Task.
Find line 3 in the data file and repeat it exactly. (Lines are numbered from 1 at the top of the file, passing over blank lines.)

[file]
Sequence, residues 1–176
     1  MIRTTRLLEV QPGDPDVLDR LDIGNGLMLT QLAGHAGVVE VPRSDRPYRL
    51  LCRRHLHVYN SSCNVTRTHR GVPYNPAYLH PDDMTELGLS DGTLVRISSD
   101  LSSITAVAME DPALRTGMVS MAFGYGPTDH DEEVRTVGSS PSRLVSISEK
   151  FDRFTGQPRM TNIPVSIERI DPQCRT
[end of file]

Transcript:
    51  LCRRHLHVYN SSCNVTRTHR GVPYNPAYLH PDDMTELGLS DGTLVRISSD